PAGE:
New statistics published by the Automotive Industry Export Council show that the value of South Africa’s automotive exports has doubled from R20 billion to R40 billion since 2000.

New statistics published by the Automotive Industry Export Council show that the value of South Africa’s automotive exports has doubled from R20 billion to R40 billion since 2000.

But although the statistics are a testimony to the success of the Motor Industry Development Programme (MIDP), analysts say the pace of export growth may be hit this year by the strong rand and the depressed global economy.

The council's statistics show that vehicle sales shot up in value from R7,4 billion in 2000 to R11,4 billlion in 2001 and R17,2 billion last year. The automotive component sector saw a surge in exports from R12,6 billion in 2000 to R18,6 billion in 2001, with a slight slowdown in the pace of growth to a figure of R22,9 billion last year.

Naamsa chief executive Nico Vermeulen said the surge in the value of exports in recent years had partly been due to increased volumes and the weaker rand.

Vermeulen said the momentum of export growth would be affected by the strengthening of the rand in the second half of last year. However, "South Africa is a competitive source for the production of automotive products, and we have an established track record," he added.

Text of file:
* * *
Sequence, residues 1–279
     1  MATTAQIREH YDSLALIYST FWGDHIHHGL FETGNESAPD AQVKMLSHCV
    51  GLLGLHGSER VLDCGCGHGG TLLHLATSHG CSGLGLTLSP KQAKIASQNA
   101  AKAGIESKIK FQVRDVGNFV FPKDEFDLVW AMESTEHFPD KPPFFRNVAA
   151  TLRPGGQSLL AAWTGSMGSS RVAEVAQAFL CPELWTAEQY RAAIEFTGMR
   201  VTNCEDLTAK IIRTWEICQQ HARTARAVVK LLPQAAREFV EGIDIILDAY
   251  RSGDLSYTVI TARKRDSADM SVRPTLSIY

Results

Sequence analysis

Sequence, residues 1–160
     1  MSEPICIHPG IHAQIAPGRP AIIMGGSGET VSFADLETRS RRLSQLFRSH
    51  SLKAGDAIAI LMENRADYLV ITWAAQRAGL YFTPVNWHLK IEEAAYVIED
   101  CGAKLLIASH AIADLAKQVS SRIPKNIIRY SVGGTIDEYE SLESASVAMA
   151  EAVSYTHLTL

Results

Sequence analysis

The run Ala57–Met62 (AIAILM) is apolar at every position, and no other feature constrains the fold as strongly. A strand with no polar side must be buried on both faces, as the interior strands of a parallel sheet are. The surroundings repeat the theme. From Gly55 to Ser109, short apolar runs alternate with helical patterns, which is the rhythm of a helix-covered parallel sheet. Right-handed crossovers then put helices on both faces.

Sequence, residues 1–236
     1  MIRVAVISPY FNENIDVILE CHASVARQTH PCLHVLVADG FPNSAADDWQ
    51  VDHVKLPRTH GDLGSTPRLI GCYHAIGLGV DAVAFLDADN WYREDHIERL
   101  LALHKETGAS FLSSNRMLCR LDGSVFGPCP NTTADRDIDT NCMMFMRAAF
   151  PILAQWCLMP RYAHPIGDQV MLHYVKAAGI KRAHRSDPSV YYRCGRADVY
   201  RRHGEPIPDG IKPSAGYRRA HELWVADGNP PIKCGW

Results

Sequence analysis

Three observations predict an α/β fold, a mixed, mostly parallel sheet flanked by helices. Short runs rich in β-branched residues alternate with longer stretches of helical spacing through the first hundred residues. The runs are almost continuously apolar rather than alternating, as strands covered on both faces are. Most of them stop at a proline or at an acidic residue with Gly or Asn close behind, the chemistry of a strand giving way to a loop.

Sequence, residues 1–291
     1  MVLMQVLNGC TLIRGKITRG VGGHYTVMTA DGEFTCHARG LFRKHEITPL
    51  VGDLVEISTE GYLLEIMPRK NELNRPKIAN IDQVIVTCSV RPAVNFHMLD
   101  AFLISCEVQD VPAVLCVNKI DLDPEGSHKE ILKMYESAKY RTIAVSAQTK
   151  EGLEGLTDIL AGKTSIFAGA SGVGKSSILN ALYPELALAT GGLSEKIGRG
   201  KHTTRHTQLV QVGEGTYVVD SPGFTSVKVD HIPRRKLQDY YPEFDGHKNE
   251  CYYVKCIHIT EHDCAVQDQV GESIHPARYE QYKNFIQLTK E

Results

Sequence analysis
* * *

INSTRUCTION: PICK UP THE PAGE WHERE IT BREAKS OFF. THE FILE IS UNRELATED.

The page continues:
The head of the National Association of Automotive Component and Allied Manufacturers (Naacam), Clive Williams, also welcomed the figures, and noted with satisfaction that there was now a growing diversity of components being exported from SA.

In 2000, seat parts and seat covers and catalytic converters accounted for 52,3 per cent of all SA component exports, and this percentage grew slightly to 54,2 per cent in 2002.

However, the momentum in the growth of catalytic converter exports - which account for 40 per cent of all South Africa’s automotive component exports - appears to be slowing down, quoted Williams as saying.

Williams said he was pleased to see higher volumes of other component products, as it would be good for the automotive component industry to have a broadly based export profile. Key growth areas included tyres, car radios, radiators, wheels and automotive glass.

Williams warned that the strong rand was having an effect on the export earnings of the local catalytic converter industry: "Some catalytic converter exporters have seen a 10 per cent fall in volume terms in the last three, four or five months – everyone has the same problem of the strong rand."

However, he said, it was encouraging that component exporters in general appeared to have held their ground in the first quarter of this year, although it looked as if the rate of export growth would drop off in the second quarter.

"People who signed contracts when the rand was at R10, R11 or R12 to the dollar are struggling hugely," he added.

Original article from Car